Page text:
The King is having a very good year. "One of the best of my career, if not the best so far," assesses Lou Diamond Phillips, hitting the revolving door at Gallagher's. His Majesty from Down the Street -- the regal half of The King and I at the Neil Simon Theatre in New York -- has arrived for his modest pre-performance banquet (half a chicken, asparagus, spinach), and a rippling row of waiters flashing the same wide smile of welcome practically track-lights him the way to his table.
He has been here before, one surmises. The greeting is familiar and sincere, beyond being fit for a king (even when the king is dressed, as he is here, in jeans and cutaway T-shirt). Recalling Charles Laughton's primitive way with a drumstick, one waits in eager anticipation to see how this majesty attacks his chicken. Sure enough, the "attack" is too civilized to warrant the word; it is well-mannered and restrained like the young man wielding the knife and fork a Texas actor living out his dream of making it big on Broadway.
If anything, the reality of this is a bit bigger than he had anticipated. "I always thought if I made it to Broadway or even Off-Broadway it would be in some sort of gritty urban drama, some three-character piece by Mamet or something," Phillips is quick to confess. "To come to town this way, riding on a golden throne, floating downstage it's really beyond my wildest dreams."
Not only has this arrival on Broadway opened up a whole new bonbon box of possibilities, he just garnered some of the best reviews of his decade-long film career for his savage portrayal of a hard-nosed military type in Courage Under Fire. The musical got him a Tony nomination; the movie may do the same on the Oscar front this spring. True to the old Texas adage that it doesn't rain but it pours, the two parts came up at the same time, making it impossible for him to do both.
Film being his bread-and-butter, he opted for the movie a "heartbreaking" decision, that then, suddenly, the scheduling stalemate ended (with the Kennedy Center relinquishing its pre-Broadway dates), and he came to town with the best of both worlds in the case of Christopher Renshaw's resurrection of The King and I, the Tony-winning Best; it took prizes for Best Revival, Actress (Donna Murphy), Sets and Costumes. More amazing to him than getting here is the fact he got here in a musical not just any musical either, but what he calls "the crown jewel of Rodgers and Hammerstein's estate. "When I was 18 and in the chorus of a community college production of The Boy Friend, the accompanist told me I was tone deaf. They didn't even let me sing. I had to mouth the words because I kept throwing everybody off. Only in recent years have I managed to find the pitch." This does not include his movie work. He has never sung in films. Even in his most famous picture La Bamba, the Ritchie Valens biography the rock-'n'-roll numbers were executed by Los Lobos. It was a done deal even before Phillips entered the picture. "They just wanted an actor."
And they got one, as did The King and I. The King, it seems, has a king-size secret: It's not all that taxing a role, musically. "He sings 'Puzzlement,' has a little ditty here and a couple of lines there that's it. 'Puzzlement' can be a demanding song, but it's not anywhere near the gravity of what the other performers have to do. The lovers' songs are so beautiful, and Donna does eight numbers. So, to me, it's as if the role were tailor-made. I can sing, but I wouldn't call myself a singer on the level of Joohee Choi or Randall Duk Kim or Jose Llana in the show these are Juilliard-trained opera singers. I sing in a bar band every once in a while. For me to call myself a singer alongside those types would be more than a little arrogant."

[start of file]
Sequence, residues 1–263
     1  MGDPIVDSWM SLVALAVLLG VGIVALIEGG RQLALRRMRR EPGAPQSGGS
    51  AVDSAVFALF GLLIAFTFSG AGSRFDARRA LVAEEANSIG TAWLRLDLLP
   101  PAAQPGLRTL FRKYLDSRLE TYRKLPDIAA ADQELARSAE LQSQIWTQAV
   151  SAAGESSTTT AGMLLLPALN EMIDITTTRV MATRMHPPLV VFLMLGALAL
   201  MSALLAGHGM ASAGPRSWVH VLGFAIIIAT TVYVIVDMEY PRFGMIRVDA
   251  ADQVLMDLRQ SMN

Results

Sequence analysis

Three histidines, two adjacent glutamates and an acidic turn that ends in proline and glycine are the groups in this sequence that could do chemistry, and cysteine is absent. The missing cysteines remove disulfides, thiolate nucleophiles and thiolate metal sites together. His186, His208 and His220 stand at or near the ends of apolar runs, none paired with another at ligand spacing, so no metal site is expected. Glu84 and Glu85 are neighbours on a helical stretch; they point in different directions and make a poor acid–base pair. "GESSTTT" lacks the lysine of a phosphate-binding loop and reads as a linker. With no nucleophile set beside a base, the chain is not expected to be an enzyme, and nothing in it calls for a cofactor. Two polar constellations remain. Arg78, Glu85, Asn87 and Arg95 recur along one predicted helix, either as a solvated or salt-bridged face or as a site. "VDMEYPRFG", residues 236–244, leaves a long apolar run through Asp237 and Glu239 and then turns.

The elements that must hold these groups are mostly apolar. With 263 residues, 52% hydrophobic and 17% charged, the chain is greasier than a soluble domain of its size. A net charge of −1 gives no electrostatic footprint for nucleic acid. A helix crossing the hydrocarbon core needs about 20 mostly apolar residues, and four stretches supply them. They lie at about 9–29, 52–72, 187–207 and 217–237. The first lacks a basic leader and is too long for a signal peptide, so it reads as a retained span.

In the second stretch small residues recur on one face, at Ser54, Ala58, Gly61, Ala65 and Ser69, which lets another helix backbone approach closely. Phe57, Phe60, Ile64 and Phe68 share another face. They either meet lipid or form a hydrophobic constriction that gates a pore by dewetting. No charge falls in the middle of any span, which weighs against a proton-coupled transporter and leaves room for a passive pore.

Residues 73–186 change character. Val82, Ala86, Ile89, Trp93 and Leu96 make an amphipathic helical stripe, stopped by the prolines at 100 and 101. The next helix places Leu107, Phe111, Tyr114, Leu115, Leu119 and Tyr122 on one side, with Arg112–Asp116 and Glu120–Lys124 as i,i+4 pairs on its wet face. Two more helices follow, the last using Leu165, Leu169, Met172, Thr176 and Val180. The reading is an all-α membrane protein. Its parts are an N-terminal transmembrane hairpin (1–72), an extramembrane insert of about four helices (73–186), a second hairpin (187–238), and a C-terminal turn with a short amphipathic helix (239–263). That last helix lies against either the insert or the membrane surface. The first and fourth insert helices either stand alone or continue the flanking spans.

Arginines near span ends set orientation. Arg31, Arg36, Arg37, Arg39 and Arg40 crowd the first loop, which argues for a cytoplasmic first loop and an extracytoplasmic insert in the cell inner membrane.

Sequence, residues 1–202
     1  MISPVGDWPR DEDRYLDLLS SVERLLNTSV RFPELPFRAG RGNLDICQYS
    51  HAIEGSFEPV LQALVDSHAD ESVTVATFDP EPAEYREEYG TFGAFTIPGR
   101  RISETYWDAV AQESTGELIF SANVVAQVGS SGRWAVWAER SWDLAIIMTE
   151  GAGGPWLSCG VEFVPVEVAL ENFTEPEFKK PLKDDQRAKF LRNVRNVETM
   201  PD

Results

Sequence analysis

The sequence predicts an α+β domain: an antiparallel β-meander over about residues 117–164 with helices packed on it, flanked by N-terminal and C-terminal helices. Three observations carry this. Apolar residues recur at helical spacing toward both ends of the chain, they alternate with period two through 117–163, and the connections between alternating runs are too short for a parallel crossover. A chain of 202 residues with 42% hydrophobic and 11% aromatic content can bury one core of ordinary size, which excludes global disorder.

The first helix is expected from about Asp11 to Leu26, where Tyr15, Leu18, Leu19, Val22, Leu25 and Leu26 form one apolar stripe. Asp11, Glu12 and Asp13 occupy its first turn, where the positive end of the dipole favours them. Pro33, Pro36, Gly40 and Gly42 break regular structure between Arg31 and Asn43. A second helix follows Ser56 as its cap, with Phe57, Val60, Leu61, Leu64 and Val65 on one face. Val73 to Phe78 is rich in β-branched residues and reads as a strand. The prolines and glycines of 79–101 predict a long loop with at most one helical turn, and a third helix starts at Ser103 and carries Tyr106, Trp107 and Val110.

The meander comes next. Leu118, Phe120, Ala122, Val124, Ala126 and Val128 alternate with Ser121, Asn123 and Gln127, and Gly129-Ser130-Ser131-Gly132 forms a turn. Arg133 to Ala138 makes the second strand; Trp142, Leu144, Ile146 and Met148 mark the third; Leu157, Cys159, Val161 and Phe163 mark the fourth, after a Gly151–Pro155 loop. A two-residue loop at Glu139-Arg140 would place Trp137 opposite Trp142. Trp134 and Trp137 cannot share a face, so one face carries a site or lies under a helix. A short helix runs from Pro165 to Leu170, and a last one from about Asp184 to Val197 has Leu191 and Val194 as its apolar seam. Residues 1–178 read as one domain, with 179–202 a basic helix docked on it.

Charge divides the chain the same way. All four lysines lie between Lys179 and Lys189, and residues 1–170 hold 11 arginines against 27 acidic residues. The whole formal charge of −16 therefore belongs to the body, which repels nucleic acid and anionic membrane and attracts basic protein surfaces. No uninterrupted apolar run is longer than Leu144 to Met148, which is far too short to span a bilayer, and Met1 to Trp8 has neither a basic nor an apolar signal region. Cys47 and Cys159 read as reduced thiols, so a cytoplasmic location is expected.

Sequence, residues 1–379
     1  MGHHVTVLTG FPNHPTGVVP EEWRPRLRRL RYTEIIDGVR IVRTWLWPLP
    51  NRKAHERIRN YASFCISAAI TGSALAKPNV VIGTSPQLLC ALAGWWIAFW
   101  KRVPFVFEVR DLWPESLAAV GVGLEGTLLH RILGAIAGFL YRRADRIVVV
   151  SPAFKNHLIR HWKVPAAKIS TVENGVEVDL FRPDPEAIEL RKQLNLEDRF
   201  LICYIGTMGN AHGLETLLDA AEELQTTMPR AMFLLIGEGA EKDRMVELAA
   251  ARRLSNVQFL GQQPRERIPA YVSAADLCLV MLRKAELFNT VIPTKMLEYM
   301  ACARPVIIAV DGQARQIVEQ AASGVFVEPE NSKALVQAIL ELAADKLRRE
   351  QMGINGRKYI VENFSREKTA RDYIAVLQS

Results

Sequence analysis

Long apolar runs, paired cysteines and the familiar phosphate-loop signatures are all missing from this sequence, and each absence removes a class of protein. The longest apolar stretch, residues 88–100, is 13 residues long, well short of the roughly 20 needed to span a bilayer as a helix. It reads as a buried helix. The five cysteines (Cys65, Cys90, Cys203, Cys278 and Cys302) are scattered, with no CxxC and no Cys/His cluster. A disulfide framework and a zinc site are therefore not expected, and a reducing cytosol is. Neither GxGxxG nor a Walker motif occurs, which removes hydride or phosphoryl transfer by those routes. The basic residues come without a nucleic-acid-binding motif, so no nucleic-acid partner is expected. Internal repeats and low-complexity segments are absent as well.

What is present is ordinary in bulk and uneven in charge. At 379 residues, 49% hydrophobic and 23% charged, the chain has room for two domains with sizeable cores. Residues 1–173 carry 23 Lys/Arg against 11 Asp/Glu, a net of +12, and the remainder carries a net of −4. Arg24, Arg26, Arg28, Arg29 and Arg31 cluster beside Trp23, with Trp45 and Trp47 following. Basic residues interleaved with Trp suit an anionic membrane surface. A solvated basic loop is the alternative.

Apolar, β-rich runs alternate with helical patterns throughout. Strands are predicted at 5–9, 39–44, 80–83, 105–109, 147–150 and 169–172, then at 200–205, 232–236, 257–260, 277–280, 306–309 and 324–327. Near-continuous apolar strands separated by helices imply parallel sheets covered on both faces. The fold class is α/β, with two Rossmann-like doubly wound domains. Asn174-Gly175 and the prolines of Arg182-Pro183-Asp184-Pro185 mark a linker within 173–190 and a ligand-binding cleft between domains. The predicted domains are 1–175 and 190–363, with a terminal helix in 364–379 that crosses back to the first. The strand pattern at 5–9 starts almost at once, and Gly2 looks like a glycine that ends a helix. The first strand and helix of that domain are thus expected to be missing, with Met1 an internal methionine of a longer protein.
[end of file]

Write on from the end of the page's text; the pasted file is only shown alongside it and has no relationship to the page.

His favorite moment in the show is a ten-minute stretch in the second act surrounding the "Shall We Dance?" number. True to the repressed '50s when it was written, The King and I is a love story in which that waltz is the only time the lovers touch; like clockwork, audiences go into collective euphoria.
Phillips is the first to admit it takes two to tango er, waltz. "Donna's such an inspiration to me onstage. Every night I watch moments come and I watch the wheels turn, and there are times when I think to myself, 'I've got the best seat in the house' because I can see things that people, even in the first row, will never see things that are going on in her eyes only a camera close-up could capture. It is new and fresh, and it is so compelling. She truly challenges me to give her my best work."
He also knows the debt he owes Yul Brynner who kept the role warm for him for 34 years and 4,625 performances indeed, he only refers to the role's originator as "Mr. Brynner" but for him to go up against such a legendary performance epitomizes, for wont of a better phrase, Courage Under Fire.
"It was a project that had never been to Broadway without Mr. Brynner, and it was with a film actor from whom nobody knew what to expect. I knew that what Christopher Renshaw was bringing to the party would make my king different. Mr. Brynner's king was imperious and impervious and unable to read. My king is more sensitive, more vulnerable he could certainly appear on 'Oprah'! People had faith that I could do it. They just didn't know how it would be received. The upside was enormous. The downside could have been relatively damaging. The door might have been shut to me here in New York had I stumbled and fallen."
But he didn't, and now he's looking around for his next Broadway musical. What'll it be? "I was sitting in a restaurant recently, and there was a piano player singing show tunes. He sang 'The Impossible Dream,' and I was moved to tears. I thought, 'There's one to put a pin in.' When I'm 50, that's one I'd like to come back and do. Man of La Mancha I love that story." Good choice. Who knows better than Lou Diamond Phillips that dreams come true? Even impossible ones.